Some study abroad programs, for example, require students to purchase international health insurance for their time abroad. There are also some countries that require health insurance for entry. Be sure to thoroughly research your destination and/or program to make sure you’ve taken care of any and all requirements.

    4. Is my destination under a travel advisory?
      A travel advisory issued for your destination country can affect your travel medical coverage. Some benefits may be triggered by an advisory as long as certain criteria are met. On the other hand, if you choose to continue traveling to a destination that’s currently under a travel advisory, certain benefits may become void; check your plan’s policy documents for details.

      To keep yourself safe, be sure to stay updated on travel warnings and alerts for your destination country. You can do this by visiting the U.S. Department of State’s "Alerts and Warnings" page and enrolling in the U.S. Smart Traveler Enrollment Program (STEP).

    5. Will my credit card provide any coverage?
      If it does, find out whether this coverage adequately meets your needs. Oftentimes, coverage provided by a credit card company is restricted to certain types of emergency situations, and it likely does not include medical benefits.


      Read “Is My Credit Card Travel Insurance Enough?” for a breakdown of common travel insurance benefits and what might be missing from your credit card’s coverage.


    6. Am I looking for coverage for pre-existing conditions, routine medical examinations, routine pregnancy care, or extreme sports?
      Most travel medical policies explicitly exclude coverage for these types of medical expenses. Be sure to read the policy documents for your plan before you purchase.

    7. What are my biggest travel fears?
      If you’re worried about things like terrorism, natural disasters, and kidnappings, find a travel medical policy with applicable safety benefits.

      If your biggest fear is the airline losing your luggage, make sure your policy offers supplemental travel coverage, such as a “Lost Checked Luggage” benefit. If you’re most concerned about injury and illness, make sure your plan offers adequate medical benefits and coverage limits. Make sure you know whether or not your policy provides coverage for pre-existing medical conditions, as these are often not covered, or offer limited coverage.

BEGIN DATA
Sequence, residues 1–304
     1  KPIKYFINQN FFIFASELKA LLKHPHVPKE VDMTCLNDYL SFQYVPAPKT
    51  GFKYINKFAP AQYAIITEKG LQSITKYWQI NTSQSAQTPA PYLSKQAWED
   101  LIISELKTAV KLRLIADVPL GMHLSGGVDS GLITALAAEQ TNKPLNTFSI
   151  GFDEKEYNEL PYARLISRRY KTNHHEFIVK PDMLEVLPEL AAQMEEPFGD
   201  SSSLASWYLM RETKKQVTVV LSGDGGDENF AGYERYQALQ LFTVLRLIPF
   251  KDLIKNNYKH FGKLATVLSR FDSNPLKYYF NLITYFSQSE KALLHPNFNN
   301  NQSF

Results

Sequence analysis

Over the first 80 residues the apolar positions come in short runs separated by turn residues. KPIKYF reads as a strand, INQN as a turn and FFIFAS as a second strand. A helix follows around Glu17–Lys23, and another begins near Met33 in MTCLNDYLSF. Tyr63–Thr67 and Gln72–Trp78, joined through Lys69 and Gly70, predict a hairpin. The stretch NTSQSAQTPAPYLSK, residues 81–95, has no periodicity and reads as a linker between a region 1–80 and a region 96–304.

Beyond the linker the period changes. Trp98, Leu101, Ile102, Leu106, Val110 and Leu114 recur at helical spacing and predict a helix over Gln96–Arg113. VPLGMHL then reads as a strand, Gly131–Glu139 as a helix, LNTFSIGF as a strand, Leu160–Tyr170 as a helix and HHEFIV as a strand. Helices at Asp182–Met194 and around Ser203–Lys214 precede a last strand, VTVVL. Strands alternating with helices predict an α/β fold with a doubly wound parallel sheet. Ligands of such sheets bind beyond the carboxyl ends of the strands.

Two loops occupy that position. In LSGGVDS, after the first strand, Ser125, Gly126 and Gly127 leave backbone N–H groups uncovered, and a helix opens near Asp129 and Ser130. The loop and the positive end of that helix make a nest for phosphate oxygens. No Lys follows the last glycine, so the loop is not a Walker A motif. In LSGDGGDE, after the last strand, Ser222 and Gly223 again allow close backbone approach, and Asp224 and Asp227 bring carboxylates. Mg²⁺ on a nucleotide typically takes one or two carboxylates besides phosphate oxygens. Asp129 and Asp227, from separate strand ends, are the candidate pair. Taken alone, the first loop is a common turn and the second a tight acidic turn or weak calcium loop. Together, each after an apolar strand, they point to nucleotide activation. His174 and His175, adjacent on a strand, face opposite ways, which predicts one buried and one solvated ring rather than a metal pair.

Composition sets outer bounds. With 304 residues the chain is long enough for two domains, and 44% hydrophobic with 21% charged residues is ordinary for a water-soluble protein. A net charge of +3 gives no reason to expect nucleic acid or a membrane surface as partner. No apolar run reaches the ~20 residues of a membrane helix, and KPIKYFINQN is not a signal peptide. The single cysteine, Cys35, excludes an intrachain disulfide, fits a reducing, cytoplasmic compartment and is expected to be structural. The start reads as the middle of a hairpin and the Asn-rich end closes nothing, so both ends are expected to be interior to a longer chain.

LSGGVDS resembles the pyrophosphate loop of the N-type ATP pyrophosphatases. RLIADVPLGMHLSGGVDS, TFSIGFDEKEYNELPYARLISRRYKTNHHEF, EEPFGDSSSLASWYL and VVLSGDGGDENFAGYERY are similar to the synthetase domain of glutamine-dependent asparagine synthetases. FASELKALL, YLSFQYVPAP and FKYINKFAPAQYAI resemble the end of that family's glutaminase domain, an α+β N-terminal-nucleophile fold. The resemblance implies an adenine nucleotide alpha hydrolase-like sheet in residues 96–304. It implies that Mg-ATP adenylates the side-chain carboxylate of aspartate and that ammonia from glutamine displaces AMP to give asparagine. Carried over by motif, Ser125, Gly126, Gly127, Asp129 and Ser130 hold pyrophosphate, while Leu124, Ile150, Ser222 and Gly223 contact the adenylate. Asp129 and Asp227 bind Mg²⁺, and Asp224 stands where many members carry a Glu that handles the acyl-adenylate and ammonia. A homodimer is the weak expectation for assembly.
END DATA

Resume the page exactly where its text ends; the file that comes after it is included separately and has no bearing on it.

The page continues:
WorldTrips is a service company and a member of the Tokio Marine HCC group of companies.

WorldTrips’ Atlas Travel Series and StudentSecure international travel medical insurance products are underwritten by Lloyd's. WorldTrips has authority to enter into contracts of insurance on behalf of the Lloyd's underwriting members of Lloyd's Syndicate 4141, which is managed by HCC Underwriting Agency, Ltd.

WorldTrips' Atlas Journey, Atlas Cruiser, and Atlas On-The-Go trip protection insurance products are underwritten by Tokio Marine HCC's U.S. Specialty Insurance Company (USSIC). USSIC is a Texas-domiciled insurance company operating on an admitted basis throughout the United States. Coverage is available to U.S. residents of the U.S. states and District of Columbia only. This plan provides insurance coverage that only applies during the covered trip. You may have coverage from other sources that provides you with similar benefits but may be subject to different restrictions depending upon your other coverages. You may wish to compare the terms of this policy with your existing life, health, home, and automobile insurance policies. Coverage may not be available in all states.

In the State of California, operating as WorldTrips Insurance Services. California Non-Resident Producer License Number: 0G39705